At Least 32 Killed After Second Powerful Earthquake Rocks Japan
A magnitude-7.0 earthquake early Saturday morning killed at least 32 people, striking the same region where a weaker temblor left at least nine others dead on Thursday night.
A shallow magnitude-7.0 earthquake struck southern Japan early Saturday — roughly 24 hours after a magnitude-6.2 temblor hit the same region, according to the U.S. Geological Survey. At least 41 people have died from from both quakes.
The quake struck near the city of Kumamoto. According to the USGS, it "occurred as the result of strike-slip faulting at shallow depth."
The death toll rose steadily in the hours after the quake, and the Associated Press reported that by Saturday night local time that there were 30 confirmed fatalities. By late Saturday, Japan's Kyodo News agency reported that 41 had been killed in the two quakes, and more than 1,000 people were injured.
Japanese Prime Minister Shinzo Abe held an emergency meeting Saturday to announce measures to ensure rescue missions continue despite impending storms, which he said could curb those efforts, NHK News reported.
Abe called upon his ministers to continue providing daily necessities to evacuees, particularly women, children, and the elderly.
Defense Minister Gen Nakatani said that he would increase the number of Self-Defense Force personnel from 15,000 to 25,000 in order to maximize efforts.
According to the Associated Press, hundreds of people were trapped after the quake, including 66 people in a nursing home.
Saturday's temblor was followed by several aftershocks and NHK reported that about 69,000 people were evacuated.
At least nine people were killed in the earlier quake that struck late Thursday.
Images broadcast on Japanese TV early Saturday showed what appeared to be multiple large landslides that had damaged roads, buildings, and train tracks.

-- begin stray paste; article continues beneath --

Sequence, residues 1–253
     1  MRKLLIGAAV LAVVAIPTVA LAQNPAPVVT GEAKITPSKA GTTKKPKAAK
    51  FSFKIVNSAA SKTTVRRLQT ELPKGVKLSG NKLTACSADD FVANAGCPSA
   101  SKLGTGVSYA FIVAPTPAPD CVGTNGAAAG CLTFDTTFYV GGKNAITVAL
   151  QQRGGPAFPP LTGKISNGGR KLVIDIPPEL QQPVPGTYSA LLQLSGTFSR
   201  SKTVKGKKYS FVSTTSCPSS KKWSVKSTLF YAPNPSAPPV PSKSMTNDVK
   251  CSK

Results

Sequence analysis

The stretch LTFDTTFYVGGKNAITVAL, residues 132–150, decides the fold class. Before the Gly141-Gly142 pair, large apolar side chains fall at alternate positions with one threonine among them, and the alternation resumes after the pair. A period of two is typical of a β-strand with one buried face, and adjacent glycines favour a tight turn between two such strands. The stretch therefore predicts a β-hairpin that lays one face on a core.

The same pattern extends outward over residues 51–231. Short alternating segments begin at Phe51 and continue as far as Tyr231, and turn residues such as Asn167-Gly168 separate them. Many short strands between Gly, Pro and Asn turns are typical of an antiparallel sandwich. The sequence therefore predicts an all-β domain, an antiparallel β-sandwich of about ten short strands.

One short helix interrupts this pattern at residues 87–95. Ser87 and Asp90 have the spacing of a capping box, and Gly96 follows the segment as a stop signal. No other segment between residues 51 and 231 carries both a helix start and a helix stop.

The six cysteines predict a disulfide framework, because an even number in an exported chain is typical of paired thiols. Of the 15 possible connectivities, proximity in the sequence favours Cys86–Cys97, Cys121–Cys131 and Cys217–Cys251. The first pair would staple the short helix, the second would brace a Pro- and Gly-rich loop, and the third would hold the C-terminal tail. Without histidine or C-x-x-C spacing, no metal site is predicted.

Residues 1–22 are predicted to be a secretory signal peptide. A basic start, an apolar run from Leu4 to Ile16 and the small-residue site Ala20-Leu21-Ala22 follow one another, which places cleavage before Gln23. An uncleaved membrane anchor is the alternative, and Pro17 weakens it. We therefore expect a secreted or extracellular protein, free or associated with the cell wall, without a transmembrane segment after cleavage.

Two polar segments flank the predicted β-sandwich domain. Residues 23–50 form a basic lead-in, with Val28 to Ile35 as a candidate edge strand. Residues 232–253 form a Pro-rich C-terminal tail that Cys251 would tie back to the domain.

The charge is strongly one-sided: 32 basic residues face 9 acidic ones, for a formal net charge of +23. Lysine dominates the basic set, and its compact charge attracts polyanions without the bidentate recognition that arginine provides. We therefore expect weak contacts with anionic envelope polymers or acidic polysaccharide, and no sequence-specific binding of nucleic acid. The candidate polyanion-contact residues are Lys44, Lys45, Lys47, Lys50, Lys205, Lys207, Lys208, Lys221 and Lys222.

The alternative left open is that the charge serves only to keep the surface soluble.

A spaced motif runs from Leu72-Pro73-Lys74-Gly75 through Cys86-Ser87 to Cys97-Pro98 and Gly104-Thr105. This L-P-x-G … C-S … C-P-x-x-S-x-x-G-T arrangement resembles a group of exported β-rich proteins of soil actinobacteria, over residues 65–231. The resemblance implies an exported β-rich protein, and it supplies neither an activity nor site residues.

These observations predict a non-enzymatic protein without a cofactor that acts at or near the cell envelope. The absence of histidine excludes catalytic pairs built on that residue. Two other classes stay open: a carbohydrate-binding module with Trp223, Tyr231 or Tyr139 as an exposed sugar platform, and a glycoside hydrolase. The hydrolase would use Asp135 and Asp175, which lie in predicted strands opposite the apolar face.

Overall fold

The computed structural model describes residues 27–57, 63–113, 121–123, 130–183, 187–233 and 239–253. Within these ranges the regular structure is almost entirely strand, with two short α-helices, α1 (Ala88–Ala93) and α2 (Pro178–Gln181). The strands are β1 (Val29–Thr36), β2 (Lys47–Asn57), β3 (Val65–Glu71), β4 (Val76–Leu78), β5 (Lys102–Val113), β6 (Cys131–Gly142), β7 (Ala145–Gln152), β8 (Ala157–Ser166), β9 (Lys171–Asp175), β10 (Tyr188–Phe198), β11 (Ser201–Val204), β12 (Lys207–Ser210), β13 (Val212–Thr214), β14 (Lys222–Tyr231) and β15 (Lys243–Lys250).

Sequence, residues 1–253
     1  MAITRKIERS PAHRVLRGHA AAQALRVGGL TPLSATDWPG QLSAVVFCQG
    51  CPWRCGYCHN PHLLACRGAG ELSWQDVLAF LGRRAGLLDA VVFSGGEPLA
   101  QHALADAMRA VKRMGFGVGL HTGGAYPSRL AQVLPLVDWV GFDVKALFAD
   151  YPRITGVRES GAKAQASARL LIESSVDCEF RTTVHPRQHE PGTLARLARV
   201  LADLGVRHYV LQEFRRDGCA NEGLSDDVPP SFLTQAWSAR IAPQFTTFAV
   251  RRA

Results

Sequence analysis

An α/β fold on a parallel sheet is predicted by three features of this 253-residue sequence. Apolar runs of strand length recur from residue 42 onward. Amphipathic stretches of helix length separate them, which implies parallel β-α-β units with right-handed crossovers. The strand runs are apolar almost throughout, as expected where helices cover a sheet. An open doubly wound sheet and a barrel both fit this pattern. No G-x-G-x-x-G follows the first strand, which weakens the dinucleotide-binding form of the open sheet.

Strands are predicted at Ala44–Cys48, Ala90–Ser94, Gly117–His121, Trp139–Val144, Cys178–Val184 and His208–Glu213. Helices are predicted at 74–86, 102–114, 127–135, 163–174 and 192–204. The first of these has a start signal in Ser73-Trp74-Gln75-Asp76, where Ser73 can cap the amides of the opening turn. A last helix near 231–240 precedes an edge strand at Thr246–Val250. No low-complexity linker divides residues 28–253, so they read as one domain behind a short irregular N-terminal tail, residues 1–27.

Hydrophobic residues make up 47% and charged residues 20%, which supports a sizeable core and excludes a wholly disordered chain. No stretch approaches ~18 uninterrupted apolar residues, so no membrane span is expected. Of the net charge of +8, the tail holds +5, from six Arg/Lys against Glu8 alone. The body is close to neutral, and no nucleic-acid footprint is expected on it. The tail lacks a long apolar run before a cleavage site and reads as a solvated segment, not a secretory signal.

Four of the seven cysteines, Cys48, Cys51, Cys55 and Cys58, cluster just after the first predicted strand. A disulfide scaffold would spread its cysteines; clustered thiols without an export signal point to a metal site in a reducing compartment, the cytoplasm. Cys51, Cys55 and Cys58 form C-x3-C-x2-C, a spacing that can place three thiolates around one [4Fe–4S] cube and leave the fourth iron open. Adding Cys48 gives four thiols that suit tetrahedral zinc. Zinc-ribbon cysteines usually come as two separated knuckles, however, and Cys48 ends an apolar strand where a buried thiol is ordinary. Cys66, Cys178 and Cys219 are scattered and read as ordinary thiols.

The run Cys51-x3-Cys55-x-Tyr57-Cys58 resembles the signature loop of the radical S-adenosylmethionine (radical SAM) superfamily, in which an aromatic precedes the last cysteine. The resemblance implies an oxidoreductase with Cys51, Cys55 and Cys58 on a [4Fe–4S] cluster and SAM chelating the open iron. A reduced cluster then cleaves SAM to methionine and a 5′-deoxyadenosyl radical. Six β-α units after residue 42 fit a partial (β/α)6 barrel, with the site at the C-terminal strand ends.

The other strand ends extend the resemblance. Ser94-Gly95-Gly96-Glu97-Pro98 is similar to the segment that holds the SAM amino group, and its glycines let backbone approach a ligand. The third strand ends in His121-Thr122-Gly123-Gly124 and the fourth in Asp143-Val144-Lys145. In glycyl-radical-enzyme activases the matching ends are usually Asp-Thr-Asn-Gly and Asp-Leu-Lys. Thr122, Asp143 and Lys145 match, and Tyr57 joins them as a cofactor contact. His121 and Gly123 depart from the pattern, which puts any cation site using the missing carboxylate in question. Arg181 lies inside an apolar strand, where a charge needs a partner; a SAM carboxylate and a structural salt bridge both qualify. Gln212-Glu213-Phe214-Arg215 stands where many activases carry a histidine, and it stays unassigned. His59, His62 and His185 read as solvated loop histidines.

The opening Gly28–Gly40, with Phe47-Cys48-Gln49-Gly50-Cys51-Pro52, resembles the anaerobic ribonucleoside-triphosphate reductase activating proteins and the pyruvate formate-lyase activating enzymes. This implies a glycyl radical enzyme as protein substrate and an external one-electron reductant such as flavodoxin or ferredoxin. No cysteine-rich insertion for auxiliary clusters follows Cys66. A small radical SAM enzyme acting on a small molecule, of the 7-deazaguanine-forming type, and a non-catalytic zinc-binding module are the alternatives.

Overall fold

Other images showed extensive damage to homes. According to NHK, Saturday's quake sparked fires and widespread power outages.
There may also have been a small eruption from Mount Aso, a volcano about 30 miles from Kumamoto.
A tsunami advisory was briefly issued by the Japanese Meteorological Agency after Saturday's quake, though it was later lifted.
The Nuclear Regulation Authority reported no abnormalities at the Kyushu Electric Power Co.'s Sendai nuclear plant, located about 74 miles northeast of the epicenter, according to the Associated Press.
The new temblor came as the region was still recovering from the magnitude-6.2 earthquake that hit late Thursday, killing at least nine people and toppling many buildings.
By Friday morning, roughly 1,600 soldiers had joined the rescue efforts.
The government's chief spokesman told the Associated Press that at least 860 people were injured in the Thursday quake, 53 of them seriously.
The worst of the damage from Thursday's quake was seen in the town of Mashiki on the island of Kyushu. Several victims are believed to have been from the town.
A local Fire and Disaster Management Agency said one man in his twenties and a woman in her nineties were among the victims.
Emergency teams rescued an 8-month-old girl from the wreckage of her home. The baby, who has not been named, was not injured, according to the National Police Agency, which released the footage.
The girl's family, including her mother, grandmother, grandfather, and older brother, were in the living room and kitchen of their home when the quake struck. All escaped but were unable to rescue the youngest member of their family until the arrival of fire crews, the Mainichi Shimbun reported.
After Thursday's quake, roughly 44,000 residents left their homes and sought refuge elsewhere. Some were able to return to their homes on Friday morning.
In Mashiki, one person died in a collapsed house, while another died in a fire caused by the quake, the Kumamoto Prefecture office said, according to CNN.
"The shaking was so violent I couldn't stand still," a Kumamoto Prefectural Police night duty official told the AP.
The quake on Thursday struck at a depth of 7 miles and several aftershocks were felt, measuring as strong as a magnitude-6 event, according to the U.S. Geological Survey. Rescue efforts were slowed by the frequent aftershocks.
"There was a ka-boom and the whole house shook violently sideways," Takahiko Morita, a Mashiki resident said to Japanese broadcaster NHK. "Furniture and bookshelves fell down, and books were all over the floor."
Japan is periodically hit by earthquakes because it is located on the Ring of Fire and is near three tectonic plates.
In 2011, Japan was hit by a magnitude-9 earthquake that was followed by a major tsunami, leaving as many as 20,000 people dead and leading to meltdowns at the Fukushima Daiichi nuclear plant.